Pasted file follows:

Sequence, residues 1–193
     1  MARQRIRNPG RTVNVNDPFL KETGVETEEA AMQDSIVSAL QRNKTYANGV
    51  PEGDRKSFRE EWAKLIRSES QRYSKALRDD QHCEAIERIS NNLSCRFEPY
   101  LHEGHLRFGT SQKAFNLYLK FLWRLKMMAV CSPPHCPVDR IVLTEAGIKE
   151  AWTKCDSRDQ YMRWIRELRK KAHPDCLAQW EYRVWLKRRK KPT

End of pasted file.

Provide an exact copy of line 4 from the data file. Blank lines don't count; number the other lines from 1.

   101  LHEGHLRFGT SQKAFNLYLK FLWRLKMMAV CSPPHCPVDR IVLTEAGIKE